After a decade on the road working on the crew for the biggest names in show business, Brittany Kiefer was coming home.
A 2007 Ohio State theatre major who caught her break thanks to a production assistant job at the Schottenstein Center, Kiefer returned to campus in March as director of automation for the 62-person crew producing Lorde’s Melodrama Tour. “It was so lovely to be back and see all the familiar faces who saw my potential and believed in me,” said the 32-year-old who runs the automation for Lorde’s show. “Just seeing campus and being in Columbus feels like home.”
Kiefer has been a part of major shows since graduating, touring with Beyonce, Muse, Shakira and others. When the Lorde tour is complete, she’ll join Taylor Swift’s summer tour. During her return to Columbus, we caught up with Brittany to find out how her Ohio State theatre degree put her in a position to support some of music’s biggest acts.
What originally got you interested in coming from the St. Louis area to Ohio State to study theatre?
I never thought I would be interested in going to such a big school, but once I went to campus I could really see myself there. It just felt comfortable, and there were so many options of different things to do and people to meet.
You had a wide range of experiences in Ohio State’s theatre program doing everything from writing, wardrobe, working on scenery and building stages, directing and even a little acting. What have those experiences meant to your career?
I feel like I emerged from the program with a broad range of generally good skills instead of one specific knowledge base in one area, and that has really translated well to my career. It allowed me to be a little bit of a professional chameleon and to feel like I didn’t have to do just this one thing that I’d always been doing.
Does having that background help you now in seeing how a show comes together?
Yes. Even though you have a specific job you are doing and you are so entrenched in your world, other people you are working with are doing similar and equally focused things. So it’s absolutely a big plus to understand how it all fits into the big picture. Those who rise to the top in this business are those who understand how their world is affecting other people’s worlds, and how all your work fits into that space on stage.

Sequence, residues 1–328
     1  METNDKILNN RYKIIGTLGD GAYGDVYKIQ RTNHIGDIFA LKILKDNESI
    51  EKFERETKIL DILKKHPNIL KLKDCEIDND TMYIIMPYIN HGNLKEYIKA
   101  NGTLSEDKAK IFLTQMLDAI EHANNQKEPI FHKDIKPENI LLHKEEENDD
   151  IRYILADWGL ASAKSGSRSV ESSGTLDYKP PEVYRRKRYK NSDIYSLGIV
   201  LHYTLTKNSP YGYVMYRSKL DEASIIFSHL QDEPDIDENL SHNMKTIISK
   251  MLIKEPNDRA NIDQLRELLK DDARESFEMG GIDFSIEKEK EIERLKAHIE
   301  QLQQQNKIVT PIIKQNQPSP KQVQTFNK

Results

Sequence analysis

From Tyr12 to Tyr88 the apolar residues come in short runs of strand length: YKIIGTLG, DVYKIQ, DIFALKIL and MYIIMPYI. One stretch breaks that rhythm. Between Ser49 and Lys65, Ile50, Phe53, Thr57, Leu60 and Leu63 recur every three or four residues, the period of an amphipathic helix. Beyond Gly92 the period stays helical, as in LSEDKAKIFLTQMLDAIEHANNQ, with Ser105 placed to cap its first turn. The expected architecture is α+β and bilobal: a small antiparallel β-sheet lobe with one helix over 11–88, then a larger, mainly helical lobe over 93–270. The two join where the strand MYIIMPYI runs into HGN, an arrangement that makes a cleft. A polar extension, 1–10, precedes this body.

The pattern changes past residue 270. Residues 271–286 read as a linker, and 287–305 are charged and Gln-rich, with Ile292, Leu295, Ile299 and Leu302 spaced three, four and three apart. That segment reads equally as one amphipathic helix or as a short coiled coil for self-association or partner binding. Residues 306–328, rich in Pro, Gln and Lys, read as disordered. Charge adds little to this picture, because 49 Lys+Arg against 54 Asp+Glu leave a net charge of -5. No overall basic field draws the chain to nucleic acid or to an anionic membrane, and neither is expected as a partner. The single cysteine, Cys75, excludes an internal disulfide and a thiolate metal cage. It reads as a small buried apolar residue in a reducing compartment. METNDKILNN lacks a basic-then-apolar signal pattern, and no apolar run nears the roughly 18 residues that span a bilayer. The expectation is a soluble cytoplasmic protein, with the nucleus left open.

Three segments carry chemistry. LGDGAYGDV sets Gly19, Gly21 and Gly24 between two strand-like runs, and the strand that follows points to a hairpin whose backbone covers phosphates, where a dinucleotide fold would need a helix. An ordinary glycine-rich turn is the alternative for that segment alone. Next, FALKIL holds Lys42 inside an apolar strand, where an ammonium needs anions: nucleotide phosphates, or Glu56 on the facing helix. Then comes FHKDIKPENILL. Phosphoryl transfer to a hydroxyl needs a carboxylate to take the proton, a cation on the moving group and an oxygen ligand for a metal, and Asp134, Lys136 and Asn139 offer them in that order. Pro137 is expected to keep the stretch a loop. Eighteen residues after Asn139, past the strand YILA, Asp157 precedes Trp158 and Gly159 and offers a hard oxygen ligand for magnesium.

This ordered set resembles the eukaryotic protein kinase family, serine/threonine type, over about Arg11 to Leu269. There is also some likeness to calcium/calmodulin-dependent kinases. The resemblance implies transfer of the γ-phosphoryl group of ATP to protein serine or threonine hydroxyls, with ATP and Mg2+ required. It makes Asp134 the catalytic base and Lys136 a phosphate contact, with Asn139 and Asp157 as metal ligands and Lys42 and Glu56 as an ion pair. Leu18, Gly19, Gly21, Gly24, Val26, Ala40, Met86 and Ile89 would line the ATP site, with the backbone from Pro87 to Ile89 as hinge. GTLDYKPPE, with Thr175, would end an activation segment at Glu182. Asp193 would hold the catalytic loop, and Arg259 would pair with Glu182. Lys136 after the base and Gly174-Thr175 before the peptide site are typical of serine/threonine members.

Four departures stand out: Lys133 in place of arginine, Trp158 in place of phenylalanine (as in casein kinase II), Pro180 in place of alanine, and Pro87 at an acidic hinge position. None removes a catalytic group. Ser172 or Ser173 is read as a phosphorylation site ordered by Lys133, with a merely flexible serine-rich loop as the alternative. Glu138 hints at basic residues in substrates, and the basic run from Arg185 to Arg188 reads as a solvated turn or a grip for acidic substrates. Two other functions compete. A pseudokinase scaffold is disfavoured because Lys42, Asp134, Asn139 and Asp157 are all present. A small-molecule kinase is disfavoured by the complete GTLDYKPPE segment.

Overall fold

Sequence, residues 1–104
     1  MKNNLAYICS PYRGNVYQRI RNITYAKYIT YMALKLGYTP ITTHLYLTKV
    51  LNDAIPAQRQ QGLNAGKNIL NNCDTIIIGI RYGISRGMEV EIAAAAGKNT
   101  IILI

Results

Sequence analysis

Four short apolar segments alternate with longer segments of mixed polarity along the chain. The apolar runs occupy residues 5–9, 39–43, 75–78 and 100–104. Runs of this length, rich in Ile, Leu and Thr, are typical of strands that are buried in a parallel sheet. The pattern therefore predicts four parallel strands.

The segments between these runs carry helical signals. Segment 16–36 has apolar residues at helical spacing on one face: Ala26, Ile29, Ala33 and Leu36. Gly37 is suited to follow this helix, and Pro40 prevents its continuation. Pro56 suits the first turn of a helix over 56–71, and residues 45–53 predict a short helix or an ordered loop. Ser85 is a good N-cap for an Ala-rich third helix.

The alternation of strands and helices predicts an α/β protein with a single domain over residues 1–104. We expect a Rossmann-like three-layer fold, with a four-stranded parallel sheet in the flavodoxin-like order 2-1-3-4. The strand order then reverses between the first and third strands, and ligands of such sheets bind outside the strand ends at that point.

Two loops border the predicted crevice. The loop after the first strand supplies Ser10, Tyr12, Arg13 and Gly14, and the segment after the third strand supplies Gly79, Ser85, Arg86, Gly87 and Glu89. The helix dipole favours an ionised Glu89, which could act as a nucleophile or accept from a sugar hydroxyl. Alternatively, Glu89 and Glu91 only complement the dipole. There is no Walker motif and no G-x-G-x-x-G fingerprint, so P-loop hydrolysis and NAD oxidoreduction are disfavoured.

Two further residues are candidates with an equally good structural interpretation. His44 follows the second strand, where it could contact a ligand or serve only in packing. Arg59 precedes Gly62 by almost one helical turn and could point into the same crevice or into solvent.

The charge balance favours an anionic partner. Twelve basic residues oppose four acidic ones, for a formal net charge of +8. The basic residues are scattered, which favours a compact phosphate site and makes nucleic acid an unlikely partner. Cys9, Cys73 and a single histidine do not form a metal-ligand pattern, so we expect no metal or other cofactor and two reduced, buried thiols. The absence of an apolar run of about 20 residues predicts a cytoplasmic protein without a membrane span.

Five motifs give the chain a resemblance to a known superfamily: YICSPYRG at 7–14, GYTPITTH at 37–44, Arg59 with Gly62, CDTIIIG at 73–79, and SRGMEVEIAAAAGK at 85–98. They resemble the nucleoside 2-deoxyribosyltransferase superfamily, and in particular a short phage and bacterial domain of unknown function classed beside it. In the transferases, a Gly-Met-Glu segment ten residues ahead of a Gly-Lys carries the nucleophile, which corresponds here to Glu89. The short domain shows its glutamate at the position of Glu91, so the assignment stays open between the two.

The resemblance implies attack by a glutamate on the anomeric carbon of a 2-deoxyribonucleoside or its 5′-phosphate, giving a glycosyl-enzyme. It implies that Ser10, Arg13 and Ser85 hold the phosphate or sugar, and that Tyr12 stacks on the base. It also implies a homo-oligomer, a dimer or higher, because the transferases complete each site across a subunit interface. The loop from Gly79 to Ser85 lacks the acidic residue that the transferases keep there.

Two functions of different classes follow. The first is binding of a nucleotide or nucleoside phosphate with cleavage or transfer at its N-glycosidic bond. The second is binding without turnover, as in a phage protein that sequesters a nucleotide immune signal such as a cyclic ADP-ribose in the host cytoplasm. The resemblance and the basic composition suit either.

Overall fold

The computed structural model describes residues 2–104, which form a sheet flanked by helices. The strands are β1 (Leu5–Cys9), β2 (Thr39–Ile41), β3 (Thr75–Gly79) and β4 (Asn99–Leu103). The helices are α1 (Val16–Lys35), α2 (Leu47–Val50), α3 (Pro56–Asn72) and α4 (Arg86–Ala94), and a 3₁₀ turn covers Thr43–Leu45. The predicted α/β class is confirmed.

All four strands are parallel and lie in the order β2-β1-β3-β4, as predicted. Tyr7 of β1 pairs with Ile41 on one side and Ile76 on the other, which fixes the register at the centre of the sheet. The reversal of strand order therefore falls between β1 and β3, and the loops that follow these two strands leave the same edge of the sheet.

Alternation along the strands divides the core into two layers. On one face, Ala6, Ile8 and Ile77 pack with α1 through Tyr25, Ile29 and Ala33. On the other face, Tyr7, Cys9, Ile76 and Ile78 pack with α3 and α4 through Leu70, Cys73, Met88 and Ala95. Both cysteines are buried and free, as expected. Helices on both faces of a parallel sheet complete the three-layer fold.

On the Lorde tour, you are working as the head of automation. What are your duties during the show?
I’m sitting at a desk just out of view stage right with a good visual on all of the automated elements that are moving during the show. I have a timer that runs with every single song. I operate the automation equipment based on the time code clock and what my cues are. I’m talking to the crew and calling out the movements. It’s a running dialogue, and hopefully it is the same thing at the same time for every show.
Your big break into show business came during a part-time job at the Schottenstein Center. How’d that come about and what were you doing?
One of my professors, Jim Knapp, suggested that I apply for a production assistant job at the Schott. It was good for me, it gave me more practical experience in the organizational and administrative realm as well as becoming familiar with all the gear. I definitely know I had a very good resume because of my experiences at Ohio State. On paper, I really looked good and looked substantial with a wide breath of technical experience. It got my foot in the door.
Learn more about what a day's work looks like for Kiefer in the most recent edition of Ohio State Alumni Magazine.